Boston Housing Crunch Leaves Reporters in the Lurch

By: Joe Strupp

They say you never forget your first time. Well, if that holds true for political conventions, Ed Tibbetts of the Quad-City Times in Davenport, Iowa, and Jeremy Wadsworth of The Blade in Toledo may be hoping for memory loss.

“I’m not saying I’m having a lot of fun — I’m waiting to get home,” Wadsworth said today.

For the two rookie conventioneers, their introduction to the quadrennial event has been less than a picnic, at least on the housing front. While most reporters and photographers are staying a short cab ride away from the Fleet Center, at places like the Sheraton Boston and Hyatt Regency, Tibbetts and Wadsworth have been forced into less-exciting quarters out of town.

Two staffers at The Times-Picayune in New Orleans, meanwhile, were forced to rent an apartment near Fenway Park, which has few amenities, but does offer a fire pole to get from one level to another.

“We went through the Democratic National Committee to get rooms and there were not enough rooms so I had to stay at an overflow hotel,” said Wadsworth, a Blade photographer who is spending nights at a Marriott in Burlington, about 25 miles outside of Boston. “I’m spending a lot of money on cabs, about $55 each way.”

Time is also something Wadsworth spends a lot of, getting back and forth from downtown Boston. Since his paper’s main focus is the Ohio delegation, he needs to be downtown by 7 a.m. each morning for the group’s daily breakfast, requiring a 5 a.m. wake-up. For the last two nights, he has not returned to his room until about 2 a.m.

“There is supposed to be a shuttle, but they keep moving the times and location,” he said. “I am resigned to having to take a taxi. And there are always huge lines for people waiting to get them.”

The 28-year-old photog, who has been with The Blade for five years, said he’s been able to get the shots he needs, sharing a convention floor pass with another photographer from the Blade’s sister paper, the Pittsburgh Post-Gazette. “It has been a challenge more than anything,” he said.

Tibbetts, a reporter and columnist for the 53,000 daily-circulation Times, will also be glad to return to familiar surroundings after being forced to stay at a Comfort Inn and Suites near Logan Airport to save money. Among his fellow guests there are several staffers from Al-Jazeera television.

“I made the reservations myself and I didn’t like the price of the [Ohio] delegation hotel [Boston Longworth],” said Tibbetts, whose hotel is about seven miles out of town. “That was something I was not prepared to pay, so I settled on this. It is saving the paper about $100 a night.”

Tibbetts, a 41-year-old father of two, said other costs at the convention, such as $3.50 for a bottle of water, have been difficult to take. “Back home, I could get a six-pack of beer for the same price,” he said. “We Iowans are frugal.”

But while staying out of town is saving him money, it is not saving time, Tibbetts said. “The first night, it took me more than an hour to get back to the hotel,” he recalls. “I couldn’t get a cab, so I took the T to the airport and had to wait for a shuttle bus to the hotel. I got in after midnight.”

And while he may not have credentials to sit in the Fleet Center’s most prime location, Tibbetts said his assigned seat above the stage and behind the podium area is ample, although he has to hunt down temporary floor passes to roam the lower areas. “I didn’t really have expectations. It has been a lot of work,” he said.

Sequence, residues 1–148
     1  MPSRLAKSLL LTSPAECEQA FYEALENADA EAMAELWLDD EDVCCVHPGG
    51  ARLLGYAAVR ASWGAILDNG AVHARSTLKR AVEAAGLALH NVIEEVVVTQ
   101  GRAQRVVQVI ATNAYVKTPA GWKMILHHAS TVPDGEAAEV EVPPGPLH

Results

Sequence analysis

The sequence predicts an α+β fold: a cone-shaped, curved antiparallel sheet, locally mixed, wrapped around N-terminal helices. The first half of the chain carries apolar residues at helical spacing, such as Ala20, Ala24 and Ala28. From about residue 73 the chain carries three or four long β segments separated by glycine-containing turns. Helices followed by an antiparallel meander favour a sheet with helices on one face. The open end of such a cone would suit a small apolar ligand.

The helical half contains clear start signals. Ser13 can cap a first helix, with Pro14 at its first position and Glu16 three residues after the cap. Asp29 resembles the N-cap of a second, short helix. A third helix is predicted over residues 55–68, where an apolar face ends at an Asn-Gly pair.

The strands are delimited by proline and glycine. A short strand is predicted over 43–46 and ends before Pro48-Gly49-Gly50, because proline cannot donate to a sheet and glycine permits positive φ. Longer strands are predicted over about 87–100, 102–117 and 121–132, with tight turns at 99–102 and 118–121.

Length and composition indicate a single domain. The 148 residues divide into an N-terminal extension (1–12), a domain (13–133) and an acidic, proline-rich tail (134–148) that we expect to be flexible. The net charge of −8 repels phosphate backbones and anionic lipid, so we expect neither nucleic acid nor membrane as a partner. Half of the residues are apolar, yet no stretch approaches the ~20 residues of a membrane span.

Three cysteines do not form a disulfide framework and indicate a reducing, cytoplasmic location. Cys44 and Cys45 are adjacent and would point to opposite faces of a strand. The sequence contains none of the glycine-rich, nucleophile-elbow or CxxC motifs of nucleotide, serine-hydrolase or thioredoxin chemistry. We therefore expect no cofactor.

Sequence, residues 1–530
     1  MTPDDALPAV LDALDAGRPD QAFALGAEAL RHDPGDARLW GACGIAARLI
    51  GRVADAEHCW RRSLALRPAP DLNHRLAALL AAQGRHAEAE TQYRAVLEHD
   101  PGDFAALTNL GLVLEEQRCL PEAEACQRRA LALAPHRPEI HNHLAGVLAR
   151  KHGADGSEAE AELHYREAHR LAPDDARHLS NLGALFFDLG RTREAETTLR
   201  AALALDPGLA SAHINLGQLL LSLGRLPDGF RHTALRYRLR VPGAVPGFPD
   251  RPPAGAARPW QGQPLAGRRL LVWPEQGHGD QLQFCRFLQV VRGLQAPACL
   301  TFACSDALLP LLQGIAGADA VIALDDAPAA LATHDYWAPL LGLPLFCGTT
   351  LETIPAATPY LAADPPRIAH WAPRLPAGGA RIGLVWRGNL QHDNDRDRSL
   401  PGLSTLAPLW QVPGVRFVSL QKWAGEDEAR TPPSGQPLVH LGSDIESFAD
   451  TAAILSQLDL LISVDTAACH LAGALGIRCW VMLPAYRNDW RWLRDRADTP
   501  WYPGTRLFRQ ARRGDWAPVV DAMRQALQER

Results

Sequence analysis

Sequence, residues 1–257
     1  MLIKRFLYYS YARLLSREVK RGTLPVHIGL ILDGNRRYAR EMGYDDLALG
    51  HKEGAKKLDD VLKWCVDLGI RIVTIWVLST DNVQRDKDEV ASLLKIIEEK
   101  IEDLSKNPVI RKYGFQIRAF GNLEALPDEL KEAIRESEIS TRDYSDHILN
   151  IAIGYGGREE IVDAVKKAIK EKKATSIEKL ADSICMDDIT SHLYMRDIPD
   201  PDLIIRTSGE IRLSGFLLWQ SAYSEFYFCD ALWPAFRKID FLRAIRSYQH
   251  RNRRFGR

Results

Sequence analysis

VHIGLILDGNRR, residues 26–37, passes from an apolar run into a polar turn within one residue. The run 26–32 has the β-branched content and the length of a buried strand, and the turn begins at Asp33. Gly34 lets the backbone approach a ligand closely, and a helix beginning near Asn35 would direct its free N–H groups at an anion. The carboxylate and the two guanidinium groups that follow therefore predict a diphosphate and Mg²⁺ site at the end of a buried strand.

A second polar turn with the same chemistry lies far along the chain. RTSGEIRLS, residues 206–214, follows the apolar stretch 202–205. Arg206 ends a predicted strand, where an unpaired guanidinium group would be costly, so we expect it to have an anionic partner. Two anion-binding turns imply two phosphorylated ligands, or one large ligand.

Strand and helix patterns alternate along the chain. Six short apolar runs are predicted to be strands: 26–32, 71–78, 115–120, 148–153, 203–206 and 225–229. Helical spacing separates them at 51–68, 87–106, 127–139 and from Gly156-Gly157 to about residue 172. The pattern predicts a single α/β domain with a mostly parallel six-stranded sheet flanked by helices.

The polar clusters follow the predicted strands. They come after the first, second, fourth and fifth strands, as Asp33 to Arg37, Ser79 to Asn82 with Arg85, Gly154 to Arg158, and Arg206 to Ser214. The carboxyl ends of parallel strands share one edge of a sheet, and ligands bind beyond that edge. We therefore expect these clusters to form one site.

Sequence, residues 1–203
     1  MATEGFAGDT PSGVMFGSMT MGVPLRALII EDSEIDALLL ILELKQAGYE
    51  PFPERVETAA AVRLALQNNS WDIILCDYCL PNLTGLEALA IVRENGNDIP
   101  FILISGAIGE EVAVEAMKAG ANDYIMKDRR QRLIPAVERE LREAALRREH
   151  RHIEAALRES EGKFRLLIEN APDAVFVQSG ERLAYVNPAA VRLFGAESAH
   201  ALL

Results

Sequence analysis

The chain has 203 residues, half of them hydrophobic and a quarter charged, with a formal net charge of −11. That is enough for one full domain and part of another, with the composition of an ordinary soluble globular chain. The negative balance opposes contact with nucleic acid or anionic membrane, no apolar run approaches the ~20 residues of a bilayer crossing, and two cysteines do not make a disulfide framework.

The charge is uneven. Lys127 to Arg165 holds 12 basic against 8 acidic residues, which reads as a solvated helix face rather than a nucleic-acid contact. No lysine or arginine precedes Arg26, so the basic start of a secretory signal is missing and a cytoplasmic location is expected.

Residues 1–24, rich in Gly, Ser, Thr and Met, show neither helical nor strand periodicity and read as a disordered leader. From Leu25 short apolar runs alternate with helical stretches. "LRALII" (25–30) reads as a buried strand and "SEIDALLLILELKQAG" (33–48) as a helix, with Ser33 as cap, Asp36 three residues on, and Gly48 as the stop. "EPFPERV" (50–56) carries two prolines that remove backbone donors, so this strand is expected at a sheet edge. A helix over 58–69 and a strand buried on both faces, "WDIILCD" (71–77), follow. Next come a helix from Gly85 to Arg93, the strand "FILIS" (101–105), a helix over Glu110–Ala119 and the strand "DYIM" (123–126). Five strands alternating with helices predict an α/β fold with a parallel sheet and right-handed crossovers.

Then there’s Chris Rose, a columnist for the Times-Picayune and one of four of the paper’s staffers in town for the convention. Housing limitations forced him and Times-Picayune cartoonist Steve Kelley to take an apartment across the street from Fenway Park for a week.

For $2,000, the pair got a two-bedroom loft with running water, a bathroom and electricity, according to Rose. Oh yes, there’s also a large fire pole leading from the upstairs into the living room, which keeps things from getting boring.

“It was out of necessity,” said Rose, a 20-year veteran for the paper who covered two previous conventions in 1988. “But there is no cable, no amenities, and a low-flow shower.” Not to mention a lack of room or maid service.

Rose, 44, said the two journalists ended up in the accommodations after their attempt to get four Times-Picayune hotel rooms through the DNC resulted in just one available in the Louisiana delegation hotel, the Tremont Boston. The remaining staffers were offered a hotel in Quincy, about 30 miles from downtown, he said.

“We found something in the Boston Herald about available rooms and I e-mailed this guy,” Rose recalled via cell phone Wednesday. “We got it. It is kind of a glorified dorm room. It is like living in a bar.”

Rose joked that the DNC’s failure to find closer rooms for all four Times-Picayune reporters might have something to do with the paper’s history of endorsing Republicans. “We did a lot better with the Republican convention in New York,” he said. “We are staying at the Helmsley Park Lane.”

After moving in last Friday, the newsies were subjected to three straight days of loud, rowdy Yankee-Red Sox games across the street. “We had to wade through the thick of that, but didn’t have time to go to a game,” Rose recalled. He said getting to the Fleet Center has not been difficult, either by cab or foot. “It is a healthy walk, but I’ve done it,” he said. “It takes about half an hour.”

Still, Rose said the situation is not all that bad, although he is looking forward to the GOP convention, specifically “room service and having someone make my bed everyday.”

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